Primary study design
Secondary study design
Randomised controlled trial
Patient information sheet
Not available in web format, please use the contact details to request a patient information sheet
Hip or knee replacements
Enrolled participants will be randomised by block randomisation technique to one of two groups: Group: Patient-maintained propofol sedation (PMPS) and Group: Anaesthetist-controlled propofol sedation (ACPS).
Patients in Group ACPS will receive the following ACPS algorithm: the effect-site concentration will be commenced at a level determined by the supervising clinical anaesthetist and incremented and decremented by them as they see fit. No maximum or baseline levels will be pre-specified. Each participant will be sedated during surgery only.
Patients in Group PMPS will receive the following PMPS algorithm: the effect-site concentration will be commenced at 0.5 µg.mL-1 and increased by 0.2 µg.mL-1 (when the patient presses the button) to a maximum of 2.0 µg.mL-1. Following a successful button-induced increase in the effect-site target, further button presses will not increase the target concentration for 2 minutes (this is termed the lockout period). If patients do not press the button for 15 minutes, the effect-site target will reduce by 0.1 µg.mL-1, and will continue to reduce by 0.1 µg.mL-1 every 15 minutes to a minimum of 0.5 µg.mL-1 in the absence of a button-press.
Both regimes will commence in the anaesthetic room and continue in the operating room until the end of surgery at Nottingham City Hospital. After discharge from PACU the patient will return to the elective orthopaedic ward at Nottingham City Hospital for ongoing care until the time of hospital discharge. The ACCEPTS trial includes a post-operative questionnaire following hospital discharge conducted over the telephone on postoperative day 7-10, but does not include any in-patient interventions following discharge from PACU.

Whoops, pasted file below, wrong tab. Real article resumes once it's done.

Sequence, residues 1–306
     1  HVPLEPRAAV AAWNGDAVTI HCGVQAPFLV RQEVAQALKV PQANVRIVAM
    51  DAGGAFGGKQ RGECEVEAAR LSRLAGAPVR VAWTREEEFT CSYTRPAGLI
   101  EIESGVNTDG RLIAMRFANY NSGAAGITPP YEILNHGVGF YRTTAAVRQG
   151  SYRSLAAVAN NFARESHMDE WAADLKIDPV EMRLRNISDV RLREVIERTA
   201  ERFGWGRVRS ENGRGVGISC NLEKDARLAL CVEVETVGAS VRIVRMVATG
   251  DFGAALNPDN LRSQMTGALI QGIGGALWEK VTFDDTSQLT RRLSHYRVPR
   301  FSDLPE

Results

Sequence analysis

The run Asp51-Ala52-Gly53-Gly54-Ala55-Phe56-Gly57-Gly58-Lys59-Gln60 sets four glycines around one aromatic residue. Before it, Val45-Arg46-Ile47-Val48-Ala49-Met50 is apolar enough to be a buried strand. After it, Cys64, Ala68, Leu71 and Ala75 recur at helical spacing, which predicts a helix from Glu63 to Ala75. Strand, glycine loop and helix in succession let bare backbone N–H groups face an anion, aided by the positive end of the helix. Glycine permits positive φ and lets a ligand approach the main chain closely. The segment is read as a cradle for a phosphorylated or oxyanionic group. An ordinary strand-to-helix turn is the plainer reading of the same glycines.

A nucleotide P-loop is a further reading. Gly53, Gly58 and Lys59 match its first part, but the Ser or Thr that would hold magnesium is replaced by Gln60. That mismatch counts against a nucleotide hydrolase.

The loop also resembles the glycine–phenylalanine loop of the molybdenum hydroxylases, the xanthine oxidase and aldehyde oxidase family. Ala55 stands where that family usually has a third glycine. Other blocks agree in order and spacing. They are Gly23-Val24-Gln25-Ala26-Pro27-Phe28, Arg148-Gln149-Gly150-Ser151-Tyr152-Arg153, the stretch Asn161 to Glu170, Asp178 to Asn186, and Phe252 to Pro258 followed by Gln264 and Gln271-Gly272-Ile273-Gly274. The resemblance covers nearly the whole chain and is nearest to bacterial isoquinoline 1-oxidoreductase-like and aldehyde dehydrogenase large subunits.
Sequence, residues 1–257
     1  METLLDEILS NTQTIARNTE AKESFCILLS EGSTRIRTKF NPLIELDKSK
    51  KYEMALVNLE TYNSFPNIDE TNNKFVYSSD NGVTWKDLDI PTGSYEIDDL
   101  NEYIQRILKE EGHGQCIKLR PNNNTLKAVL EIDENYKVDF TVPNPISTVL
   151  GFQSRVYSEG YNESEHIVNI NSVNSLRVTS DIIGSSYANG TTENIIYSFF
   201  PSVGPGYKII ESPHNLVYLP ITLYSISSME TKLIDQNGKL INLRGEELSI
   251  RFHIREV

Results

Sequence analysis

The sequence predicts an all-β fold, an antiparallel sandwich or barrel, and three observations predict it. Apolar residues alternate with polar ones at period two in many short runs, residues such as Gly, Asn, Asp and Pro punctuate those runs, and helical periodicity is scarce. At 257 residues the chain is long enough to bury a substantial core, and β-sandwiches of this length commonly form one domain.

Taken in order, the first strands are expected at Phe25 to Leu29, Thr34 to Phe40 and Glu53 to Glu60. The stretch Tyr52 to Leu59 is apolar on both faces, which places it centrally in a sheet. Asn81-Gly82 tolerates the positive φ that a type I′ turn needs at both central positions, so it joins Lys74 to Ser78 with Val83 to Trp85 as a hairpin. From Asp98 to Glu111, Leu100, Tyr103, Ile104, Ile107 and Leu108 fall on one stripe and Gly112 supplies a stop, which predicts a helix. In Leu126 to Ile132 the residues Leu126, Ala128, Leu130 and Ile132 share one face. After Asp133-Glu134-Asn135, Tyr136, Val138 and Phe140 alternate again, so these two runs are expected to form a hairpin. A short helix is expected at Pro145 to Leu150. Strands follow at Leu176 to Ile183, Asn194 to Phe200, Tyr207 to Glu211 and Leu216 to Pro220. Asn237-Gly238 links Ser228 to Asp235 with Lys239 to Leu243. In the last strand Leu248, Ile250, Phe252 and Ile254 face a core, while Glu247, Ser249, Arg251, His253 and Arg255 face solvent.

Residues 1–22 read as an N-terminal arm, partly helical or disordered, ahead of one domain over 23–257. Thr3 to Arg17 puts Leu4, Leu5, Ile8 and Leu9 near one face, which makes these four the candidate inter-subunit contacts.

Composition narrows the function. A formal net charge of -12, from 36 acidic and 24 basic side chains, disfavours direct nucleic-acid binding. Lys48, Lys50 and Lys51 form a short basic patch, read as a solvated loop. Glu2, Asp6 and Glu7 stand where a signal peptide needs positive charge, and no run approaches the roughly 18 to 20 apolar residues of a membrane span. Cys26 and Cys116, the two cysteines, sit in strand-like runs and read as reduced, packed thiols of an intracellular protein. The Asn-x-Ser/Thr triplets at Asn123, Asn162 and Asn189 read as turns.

Primary outcome measure
Rate of propofol consumption. The total propofol consumption in milligrams received by the patient using the PMPSD will be recorded every second throughout the sedation period on a Dell 5414 Latitude Rugged laptop. At the end of surgery, consumption will be expressed as the total number of milligrams of propofol delivered, adjusted for body weight and expressed as a rate across the duration of the sedation period (unit: milligrams per kilogram per hour). The sedation period is defined from the time of commencement of sedation by the supervising clinical anaesthetist up until the time when surgery ends, being when clips are applied by the operating surgeon to the surgical incision.
Secondary outcome measures
1. The depth of sedation of patients will be assessed by a study investigator at five-minute intervals during the sedation period and in the post-sedation PACU phase. The Modified Observer Assessment of Alertness and Sedation (mOAA/S) Scale will be used to determine depth of sedation. Over-sedated will be defined as mOAA/S score 1 or 0
2. Peri-operative anxiety assessed (i) pre-operatively in theatres admissions lounge (THAL) using a questionnaire in which the patient is asked to provide written check-box answers to 27 questions scored on Likert scales, and (ii) post-operative in PACU using a questionnaire administered by a study investigator once the patient is fully awake and orientated, the patient is asked to provide verbal answers to 6 questions scored on a Likert scale. After discharge from hospital, anxiety levels will be baselined using responses obtained by telephone interview administered by a study investigator: patient to provide verbal answers to 6 questions scored on a Likert scale
3. Patient satisfaction with their sedation regime assessed (i) pre-operatively in THAL where the patient is asked to provide written check-box answers to 4 yes/no/unknown baseline questions, (ii) post-operative in PACU and administered by a study investigator once the patient is fully awake and orientated the patient is asked to provide verbal answers to 22 questions scored on a Likert scale (11 of which constitute the ‘Iowa Satisfaction with Sedation Scale’) and if assigned to the PMPS arm of the trial a further 9 questions scored on a Likert scale plus 1 open-ended question, and (iii) after discharge from hospital and administered by a study investigator question numbers depend on trial arm assignment: if to PMPS, 4 questions scored on a Likert scale plus 6 open-ended questions; if to ACPS, 4 questions scored on a Likert scale
4. Patient recovery from surgery and anaesthesia assessed using the QoR15 questionnaire, consisting of 15 questions scored on a Likert scale. The patient is asked to provide written check-box answers to all 15 baseline questions while in THAL. A study investigator will seek verbal responses to a follow-up set of 15 questions by telephone interview with the patient after discharge from hospital